Flash File Systems
A flash file system is a file system designed for storing files on flash memory devices. These are becoming more prevalent as the number of mobile devices is increasing, the cost per memory size decreases, and the capacity of flash memories increases.
While a block device layer can emulate a disk drive so that a disk file system can be used on a flash device, this is suboptimal for several reasons:
- Erasing blocks: Flash memory blocks have to be explicitly erased before they can be written to. The time taken to erase blocks can be significant, thus it is beneficial to erase unused blocks while the device is idle.
- Random access: Disk file systems are optimized to avoid disk seeks whenever possible, due to the high cost of seeking. Flash memory devices impose no seek latency.
- Wear leveling: Flash memory devices tend to wear out when a single block is repeatedly overwritten; flash file systems are designed to spread out writes evenly.
Log-structured file systems have all the desirable properties for a flash file system. Such file systems include JFFS2 and YAFFS.
Because of the particular characteristics of flash memory, it is best used with either a controller to perform wear leveling and error correction or specifically designed flash file systems, which spread writes over the media and deal with the long erase times of NAND flash blocks. The basic concept behind flash file systems is: when the flash store is to be updated, the file system will write a new copy of the changed data over to a fresh block, remap the file pointers, then erase the old block later when it has time.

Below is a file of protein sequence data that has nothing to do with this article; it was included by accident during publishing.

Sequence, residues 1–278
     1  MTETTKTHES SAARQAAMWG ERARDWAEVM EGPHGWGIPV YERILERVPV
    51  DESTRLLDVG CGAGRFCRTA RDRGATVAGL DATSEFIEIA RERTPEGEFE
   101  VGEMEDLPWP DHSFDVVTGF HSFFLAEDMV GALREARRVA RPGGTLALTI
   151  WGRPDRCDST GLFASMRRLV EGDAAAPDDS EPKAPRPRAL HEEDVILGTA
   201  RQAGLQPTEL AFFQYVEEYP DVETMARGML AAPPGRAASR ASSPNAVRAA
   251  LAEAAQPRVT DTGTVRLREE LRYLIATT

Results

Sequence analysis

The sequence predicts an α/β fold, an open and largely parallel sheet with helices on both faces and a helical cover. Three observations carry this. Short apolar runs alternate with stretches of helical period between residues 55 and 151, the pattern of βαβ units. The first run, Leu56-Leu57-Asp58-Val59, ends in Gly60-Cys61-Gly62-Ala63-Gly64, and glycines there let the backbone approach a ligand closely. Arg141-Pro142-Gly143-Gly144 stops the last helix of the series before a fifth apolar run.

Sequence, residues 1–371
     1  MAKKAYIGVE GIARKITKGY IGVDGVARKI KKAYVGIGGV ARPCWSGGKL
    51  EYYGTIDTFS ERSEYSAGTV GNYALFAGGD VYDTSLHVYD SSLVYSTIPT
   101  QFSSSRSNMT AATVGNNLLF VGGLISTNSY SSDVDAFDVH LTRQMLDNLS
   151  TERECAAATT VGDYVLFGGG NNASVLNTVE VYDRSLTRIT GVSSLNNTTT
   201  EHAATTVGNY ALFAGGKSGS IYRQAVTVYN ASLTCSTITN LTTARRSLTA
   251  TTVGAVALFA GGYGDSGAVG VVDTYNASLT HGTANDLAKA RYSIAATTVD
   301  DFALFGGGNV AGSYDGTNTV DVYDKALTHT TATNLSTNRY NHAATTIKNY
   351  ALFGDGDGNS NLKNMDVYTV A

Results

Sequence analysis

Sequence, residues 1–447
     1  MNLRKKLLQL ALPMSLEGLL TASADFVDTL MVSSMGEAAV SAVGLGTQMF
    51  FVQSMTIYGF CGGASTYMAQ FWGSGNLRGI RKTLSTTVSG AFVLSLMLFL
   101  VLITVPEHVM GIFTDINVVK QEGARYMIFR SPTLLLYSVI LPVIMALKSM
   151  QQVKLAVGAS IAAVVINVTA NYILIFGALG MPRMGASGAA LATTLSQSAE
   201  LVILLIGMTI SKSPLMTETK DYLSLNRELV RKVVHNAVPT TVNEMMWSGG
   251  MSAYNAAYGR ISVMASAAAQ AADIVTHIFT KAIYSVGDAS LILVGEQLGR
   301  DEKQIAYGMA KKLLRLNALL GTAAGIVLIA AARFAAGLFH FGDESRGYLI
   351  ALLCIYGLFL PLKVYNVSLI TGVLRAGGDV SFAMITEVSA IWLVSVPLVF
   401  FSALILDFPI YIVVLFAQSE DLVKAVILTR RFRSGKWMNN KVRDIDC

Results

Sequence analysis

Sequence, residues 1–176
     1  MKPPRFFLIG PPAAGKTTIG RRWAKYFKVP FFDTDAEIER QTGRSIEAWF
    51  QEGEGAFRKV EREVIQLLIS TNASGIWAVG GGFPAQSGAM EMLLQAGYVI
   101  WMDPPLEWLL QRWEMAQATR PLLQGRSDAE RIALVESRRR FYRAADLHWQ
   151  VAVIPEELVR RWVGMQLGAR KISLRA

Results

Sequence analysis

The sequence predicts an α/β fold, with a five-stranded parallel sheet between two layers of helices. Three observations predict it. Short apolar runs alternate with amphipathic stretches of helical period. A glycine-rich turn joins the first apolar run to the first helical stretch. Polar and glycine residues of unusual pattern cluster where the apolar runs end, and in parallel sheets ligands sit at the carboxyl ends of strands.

In practice, flash file systems are only used for "Memory Technology Devices" ("MTD"), which are embedded flash memories that do not have a controller. Removable flash memory cards and USB flash drives have built-in controllers to manage MTD with dedicated algorithms, like wear leveling, bad block recovery, power loss recovery, garbage collection and error correction, so use of a flash file system has limited benefit.
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... A flash file system is a file system designed for storing files on flash memory devices ... is increasing, the cost per memory size decreases, and the capacity of flash memories increases ... While a block device layer can emulate a disk drive so that a disk file system can be used on a flash device, this is suboptimal for several reasons Erasing blocks Flash memory blocks have to be explicitly ...
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